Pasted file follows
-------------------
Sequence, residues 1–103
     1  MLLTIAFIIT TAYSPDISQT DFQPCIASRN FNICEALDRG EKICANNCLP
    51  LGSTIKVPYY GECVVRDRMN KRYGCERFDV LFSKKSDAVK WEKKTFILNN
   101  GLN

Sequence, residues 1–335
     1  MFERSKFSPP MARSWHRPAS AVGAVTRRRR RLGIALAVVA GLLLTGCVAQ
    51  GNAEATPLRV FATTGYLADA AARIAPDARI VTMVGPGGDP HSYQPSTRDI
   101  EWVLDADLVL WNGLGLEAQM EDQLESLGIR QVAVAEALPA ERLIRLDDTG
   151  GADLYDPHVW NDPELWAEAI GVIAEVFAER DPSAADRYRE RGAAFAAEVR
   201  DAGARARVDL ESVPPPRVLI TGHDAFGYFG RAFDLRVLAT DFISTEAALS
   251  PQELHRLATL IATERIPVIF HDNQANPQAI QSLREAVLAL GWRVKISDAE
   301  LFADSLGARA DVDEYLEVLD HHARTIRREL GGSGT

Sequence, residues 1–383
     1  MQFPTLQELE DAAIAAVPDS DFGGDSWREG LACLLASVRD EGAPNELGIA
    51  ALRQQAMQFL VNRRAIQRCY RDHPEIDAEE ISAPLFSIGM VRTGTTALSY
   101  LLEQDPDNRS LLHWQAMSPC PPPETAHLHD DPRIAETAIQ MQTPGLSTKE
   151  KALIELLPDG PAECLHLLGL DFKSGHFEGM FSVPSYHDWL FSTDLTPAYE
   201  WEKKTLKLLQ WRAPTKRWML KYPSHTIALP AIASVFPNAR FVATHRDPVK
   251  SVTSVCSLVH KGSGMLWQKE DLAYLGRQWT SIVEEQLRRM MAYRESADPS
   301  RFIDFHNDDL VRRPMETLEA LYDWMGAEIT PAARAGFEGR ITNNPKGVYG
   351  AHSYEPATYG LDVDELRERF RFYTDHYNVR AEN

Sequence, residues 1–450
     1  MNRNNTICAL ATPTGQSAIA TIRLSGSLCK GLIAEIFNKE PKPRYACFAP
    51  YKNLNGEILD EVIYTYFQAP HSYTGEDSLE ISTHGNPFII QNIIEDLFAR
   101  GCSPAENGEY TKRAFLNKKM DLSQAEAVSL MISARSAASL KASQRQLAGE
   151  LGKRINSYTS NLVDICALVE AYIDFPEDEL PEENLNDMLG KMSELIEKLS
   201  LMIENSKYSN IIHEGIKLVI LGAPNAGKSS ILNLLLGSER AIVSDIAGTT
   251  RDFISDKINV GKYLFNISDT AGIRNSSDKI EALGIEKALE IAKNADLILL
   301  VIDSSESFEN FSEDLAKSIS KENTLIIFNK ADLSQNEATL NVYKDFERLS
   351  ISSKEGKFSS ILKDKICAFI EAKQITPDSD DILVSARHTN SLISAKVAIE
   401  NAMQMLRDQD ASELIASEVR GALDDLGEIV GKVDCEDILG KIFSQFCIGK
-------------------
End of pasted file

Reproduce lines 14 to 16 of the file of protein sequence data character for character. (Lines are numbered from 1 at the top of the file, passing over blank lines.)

     1  MQFPTLQELE DAAIAAVPDS DFGGDSWREG LACLLASVRD EGAPNELGIA
    51  ALRQQAMQFL VNRRAIQRCY RDHPEIDAEE ISAPLFSIGM VRTGTTALSY
   101  LLEQDPDNRS LLHWQAMSPC PPPETAHLHD DPRIAETAIQ MQTPGLSTKE